Perhaps the most troubling aspect of government and business relations in Ogun concerns taxation. Nigeria has a relatively low rate of corporate tax, but it is the number of taxes that concerns business. The Nigerian federation has a confusing array of taxes spread across federal, state and local governments. The Nigerian federation is made up of thirty-six states and 774 local governments. State and local governments combined control about half of the national revenues.

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[Photo: Simon White]
The national Taxes and Levies Act of 1998 established a basic schedule for taxation. There are eight taxes prescribed to the Federal Government in this legislation, ranging from companies income tax, withholding tax on companies, petroleum profits tax, value added tax, education tax, capital gains tax, stamp duties and personal income tax for police, the armed forces and residents of the federal capital. The Act assigns eleven taxes to state governments, including individual pay-as-you-earn tax, withholding and capital gains taxes on individuals only, taxes on roads, business premises, land and markets. But it is local government that can tax. There are no less than twenty items listed in the 1998 legislation, including taxes and levies on shops, kiosks, liquor licenses, marriages, births, deaths, bicycles, trucks, canoes, wheelbarrows, carts, cattle, radios –– including car radios, parking signboards, public conveniences, sewage and refuse disposal.

I met Dolapo Ogutuga who has run his own business in Ogun State for over forty years. Curiously, his initial project was wine production based on the indigenous kola nut. Having developed his kola nut wine during his PhD studies in the United Kingdom, Ogutuga began production when he returned to Ogun. These days, he produces three kinds of alcoholic wines, including Holy Communion Wine, along with non-alcoholic products, such as Popapine, a sparkling pineapple juice, which he supplies from his pineapple plantation. He also produces, Latropicana, a grape juice blended from an imported concentrate. Ogutuga is also is chairman of the Ogun State Chapter of MAN – the Manufacturers Association of Nigeria. When we met, he could not contain his frustration with the “multiple taxation” faced by Ogun businesses. He quickly provided me with a recent report by MAN on this topic, which documented how a typical manufacturing business in the state is required to pay no less than forty-three taxes and levies: 25 issued by local government, 18 by the state. The other substantial file he drew from his case was collection of the permits and licenses required by a single truck to operate in the state – see photo.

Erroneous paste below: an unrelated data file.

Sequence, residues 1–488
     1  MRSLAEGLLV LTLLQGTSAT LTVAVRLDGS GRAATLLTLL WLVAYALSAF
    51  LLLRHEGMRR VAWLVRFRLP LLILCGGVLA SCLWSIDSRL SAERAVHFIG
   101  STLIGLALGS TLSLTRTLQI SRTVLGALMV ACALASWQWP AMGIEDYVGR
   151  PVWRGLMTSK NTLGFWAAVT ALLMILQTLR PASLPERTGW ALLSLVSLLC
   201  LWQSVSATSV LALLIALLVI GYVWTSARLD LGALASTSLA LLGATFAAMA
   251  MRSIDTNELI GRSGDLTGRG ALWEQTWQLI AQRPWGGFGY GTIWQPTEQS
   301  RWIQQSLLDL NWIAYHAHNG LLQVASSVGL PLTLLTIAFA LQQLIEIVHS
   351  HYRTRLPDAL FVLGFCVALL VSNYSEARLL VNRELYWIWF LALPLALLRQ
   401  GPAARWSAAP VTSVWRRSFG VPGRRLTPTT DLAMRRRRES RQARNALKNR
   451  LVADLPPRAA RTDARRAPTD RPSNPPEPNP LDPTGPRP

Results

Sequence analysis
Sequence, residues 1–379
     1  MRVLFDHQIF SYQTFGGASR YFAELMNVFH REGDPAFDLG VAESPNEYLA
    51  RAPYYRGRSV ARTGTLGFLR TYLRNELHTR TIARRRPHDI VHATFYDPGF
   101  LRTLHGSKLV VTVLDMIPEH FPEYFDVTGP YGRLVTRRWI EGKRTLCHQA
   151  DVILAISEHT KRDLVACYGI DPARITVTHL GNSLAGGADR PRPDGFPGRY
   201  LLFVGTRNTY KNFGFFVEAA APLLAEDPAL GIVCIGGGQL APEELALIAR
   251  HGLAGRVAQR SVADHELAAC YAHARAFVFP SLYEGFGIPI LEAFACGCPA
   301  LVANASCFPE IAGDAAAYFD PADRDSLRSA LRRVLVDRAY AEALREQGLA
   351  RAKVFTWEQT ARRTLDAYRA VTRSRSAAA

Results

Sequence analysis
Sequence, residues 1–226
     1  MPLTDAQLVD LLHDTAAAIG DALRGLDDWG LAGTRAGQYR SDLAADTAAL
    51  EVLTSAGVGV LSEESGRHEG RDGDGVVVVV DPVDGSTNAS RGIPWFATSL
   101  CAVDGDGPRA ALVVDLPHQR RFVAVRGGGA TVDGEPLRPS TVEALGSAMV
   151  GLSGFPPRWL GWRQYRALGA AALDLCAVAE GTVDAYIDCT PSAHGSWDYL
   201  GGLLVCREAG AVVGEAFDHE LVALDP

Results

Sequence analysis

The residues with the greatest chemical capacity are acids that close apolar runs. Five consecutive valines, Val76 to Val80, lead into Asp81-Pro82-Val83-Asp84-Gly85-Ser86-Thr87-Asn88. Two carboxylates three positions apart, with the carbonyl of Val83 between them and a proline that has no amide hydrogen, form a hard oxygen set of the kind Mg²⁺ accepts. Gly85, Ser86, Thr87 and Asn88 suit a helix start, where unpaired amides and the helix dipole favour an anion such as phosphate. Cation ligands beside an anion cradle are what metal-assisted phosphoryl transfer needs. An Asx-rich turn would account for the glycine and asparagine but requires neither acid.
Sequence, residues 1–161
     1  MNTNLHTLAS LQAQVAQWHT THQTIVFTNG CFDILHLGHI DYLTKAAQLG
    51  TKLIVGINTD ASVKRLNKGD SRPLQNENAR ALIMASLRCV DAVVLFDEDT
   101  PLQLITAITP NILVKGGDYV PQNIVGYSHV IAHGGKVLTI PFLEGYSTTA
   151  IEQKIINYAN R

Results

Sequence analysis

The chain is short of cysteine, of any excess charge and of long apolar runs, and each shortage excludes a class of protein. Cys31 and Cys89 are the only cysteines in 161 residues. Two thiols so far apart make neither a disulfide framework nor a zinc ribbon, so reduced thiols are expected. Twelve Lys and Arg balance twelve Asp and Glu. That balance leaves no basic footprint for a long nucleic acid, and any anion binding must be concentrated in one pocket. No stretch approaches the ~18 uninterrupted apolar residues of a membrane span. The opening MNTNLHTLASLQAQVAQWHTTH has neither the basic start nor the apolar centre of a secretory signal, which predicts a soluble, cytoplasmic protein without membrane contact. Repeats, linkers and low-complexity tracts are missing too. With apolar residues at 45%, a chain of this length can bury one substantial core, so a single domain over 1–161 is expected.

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Some of the permits required by a single truck in Ogun State [Photo: Simon White]
Chief Bimbo Ashiru, the commissioner for commerce and industry in Ogun State, has urged businesses in the state pay their taxes and levies regularly. “Our industries, our investors should be responsible enough to pay their taxes and levies as and when due so that we continue to provide the necessary amenities and infrastructure for them.”

Businessmen such as Dolapo Ogutuga are obliging. There is no question that tax should not be paid. The problem is that the payment of taxes and levies is a constant and opaque activity, from which little public benefits accrue. Potholes litter the roads, power remains intermittent, crime and insecurity are pervasive, and new taxes and levies appear to be dreamt up by public officials on a regular basis.